Erimus was an area of three streets (Erimus Terrace, Pioneer Street and Stainton Street) and a hotel that once stood mid-way between Thornaby and Middlesbrough, it was built to house the workers of the Erimus Ironworks.
The whole area was demolished in 1963 to make way for developments on the railway and is now near the road junction for Teesside Park on the A66.
A war memorial was erected in 1920 at Erimus for the six local men who died in WW1.
Private J R Donnison, 2nd Yorkshire Regt.
Stoker A Wright, H M S Carribean
Stoker J R Sharp, H M S Queen Mary
Private J G Wales, 9th Yorkshire Regt.
Private T Munroe, DLI
Private W Munroe, DLI
The memorial moved to a chapel in Thornaby in 1959 and was moved to it’s current location in the cemetery in 22/7//2006 where it was unveiled by Mayor Pat Large and Ken Craggs.
The original Five Lamps were gas lights built at the junction of George Street and Mandale Road in 1874, comissioned by local Justices of the Peace, Joseph Richardson, William Whitewell, Charles Arthur Head and William Anderson.
A less than inspiring 1970’s electric version.
In 1983 Head Wrightson apprentices erected this replica of the original which stood on Westbury Street due to the building of the A66 (although it doesn’t include the drinking fountain originally below the lamps)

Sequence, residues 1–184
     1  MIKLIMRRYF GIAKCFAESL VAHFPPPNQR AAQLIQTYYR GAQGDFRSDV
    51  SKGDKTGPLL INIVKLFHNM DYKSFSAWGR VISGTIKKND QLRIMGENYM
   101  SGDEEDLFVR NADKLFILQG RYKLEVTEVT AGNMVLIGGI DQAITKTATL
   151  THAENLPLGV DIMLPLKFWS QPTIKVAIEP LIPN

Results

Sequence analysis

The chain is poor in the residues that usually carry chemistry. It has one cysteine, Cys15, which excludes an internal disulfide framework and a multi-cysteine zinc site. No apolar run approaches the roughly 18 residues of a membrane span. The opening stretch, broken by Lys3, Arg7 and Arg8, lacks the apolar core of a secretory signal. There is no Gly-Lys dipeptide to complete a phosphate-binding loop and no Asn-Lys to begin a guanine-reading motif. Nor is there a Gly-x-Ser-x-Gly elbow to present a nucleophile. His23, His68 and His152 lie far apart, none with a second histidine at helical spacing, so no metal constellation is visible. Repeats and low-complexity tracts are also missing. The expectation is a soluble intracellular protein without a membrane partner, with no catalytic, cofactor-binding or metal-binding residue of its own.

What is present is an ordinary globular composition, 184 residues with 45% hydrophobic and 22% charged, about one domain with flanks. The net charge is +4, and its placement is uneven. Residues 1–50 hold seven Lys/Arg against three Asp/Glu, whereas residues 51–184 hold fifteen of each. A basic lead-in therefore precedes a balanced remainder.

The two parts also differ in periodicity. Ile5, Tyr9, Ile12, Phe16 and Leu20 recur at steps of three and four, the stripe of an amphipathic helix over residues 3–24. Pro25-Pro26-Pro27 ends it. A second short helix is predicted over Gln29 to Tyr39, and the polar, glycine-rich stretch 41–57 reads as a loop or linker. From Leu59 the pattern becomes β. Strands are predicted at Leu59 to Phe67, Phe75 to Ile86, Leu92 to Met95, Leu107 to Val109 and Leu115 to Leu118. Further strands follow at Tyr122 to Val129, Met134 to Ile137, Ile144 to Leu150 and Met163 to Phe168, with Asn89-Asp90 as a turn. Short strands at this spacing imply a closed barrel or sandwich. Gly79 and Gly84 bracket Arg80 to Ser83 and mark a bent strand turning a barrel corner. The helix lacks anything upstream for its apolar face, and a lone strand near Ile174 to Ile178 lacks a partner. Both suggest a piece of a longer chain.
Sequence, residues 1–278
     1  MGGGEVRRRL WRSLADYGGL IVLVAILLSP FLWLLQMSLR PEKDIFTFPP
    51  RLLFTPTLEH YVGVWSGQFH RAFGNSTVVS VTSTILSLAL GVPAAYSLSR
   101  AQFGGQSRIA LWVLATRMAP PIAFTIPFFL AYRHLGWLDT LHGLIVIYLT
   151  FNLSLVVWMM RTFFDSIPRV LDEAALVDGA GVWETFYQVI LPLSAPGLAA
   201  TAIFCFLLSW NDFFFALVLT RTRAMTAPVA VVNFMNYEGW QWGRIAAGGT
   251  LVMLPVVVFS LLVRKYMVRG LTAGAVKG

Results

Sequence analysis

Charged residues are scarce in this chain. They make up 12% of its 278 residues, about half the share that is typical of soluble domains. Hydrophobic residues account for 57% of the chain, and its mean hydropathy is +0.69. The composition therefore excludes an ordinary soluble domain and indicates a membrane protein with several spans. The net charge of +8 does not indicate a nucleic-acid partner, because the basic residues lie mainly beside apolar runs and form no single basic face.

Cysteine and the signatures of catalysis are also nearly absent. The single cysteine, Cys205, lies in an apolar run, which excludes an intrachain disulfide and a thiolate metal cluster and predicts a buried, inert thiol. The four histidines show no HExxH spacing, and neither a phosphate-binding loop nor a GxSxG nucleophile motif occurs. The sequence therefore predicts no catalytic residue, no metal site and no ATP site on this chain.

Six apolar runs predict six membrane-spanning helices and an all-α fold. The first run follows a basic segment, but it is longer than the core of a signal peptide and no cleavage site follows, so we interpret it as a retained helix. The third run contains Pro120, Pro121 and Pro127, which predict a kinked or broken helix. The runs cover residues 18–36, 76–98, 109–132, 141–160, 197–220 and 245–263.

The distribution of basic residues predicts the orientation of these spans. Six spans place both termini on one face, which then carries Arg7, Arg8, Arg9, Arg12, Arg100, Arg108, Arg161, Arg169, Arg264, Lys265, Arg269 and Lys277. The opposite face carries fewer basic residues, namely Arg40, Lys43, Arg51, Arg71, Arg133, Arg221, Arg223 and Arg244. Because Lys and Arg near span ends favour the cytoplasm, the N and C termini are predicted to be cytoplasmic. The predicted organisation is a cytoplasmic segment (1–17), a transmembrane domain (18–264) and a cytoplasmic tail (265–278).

It was unveiled by Mayor Pragnell on 1st September 1983
It carries the Stockton-on-Tees coat of arms with the motto “Forward As One”
Also the Thornaby coat of arms with the motto “Always Advancing”
It was renovated and moved to its current position in 2010.
The origin of the five lamps is linked to the legend that Robert de Thormodbi (Thornaby) created a shrine to the Virgin Mary in St Peter’s Church lit by five lamps.
These buildings are one of the last remaining fragments of the old center of Thornaby that was mostly removed when the A66 was built.
The carved plaque over the doorway is for the ‘Corporation Institute’ the 1890 Bulmers Directory says “A Mechanics’ Institute was erected in 1865, in which are the offices of the Local Board and School Board” so this may be one and the same.
Closer examination of the doorway shows it once had a sign for ‘Auxiliary Fire Station’ the name of which suggests it dates from World War 2
However this old photo shows just the words “Fire Station” and it looks like a fire station existed on George Street soon after the formation of Thornaby on Tees in 1892
Following this link to see a picture of the station in what can be no earlier than 1973, interestingly there still an air-raid siren on top of the building.
This stone marks the crash site of the Mosquito which crashed attempting to land at Thornaby Aerodrome at 11.00hrs on 11th of November 1943.
The crew of two were both killed, a Canadian pilot Alan J F Symes from Rockcliffe, Ontario and navigator Edward Lyon of Ormskirk, Lancanshire.
This set of workshops also sport a 1931 datestone
The large upper windows on this building show its wartime use for drying parachutes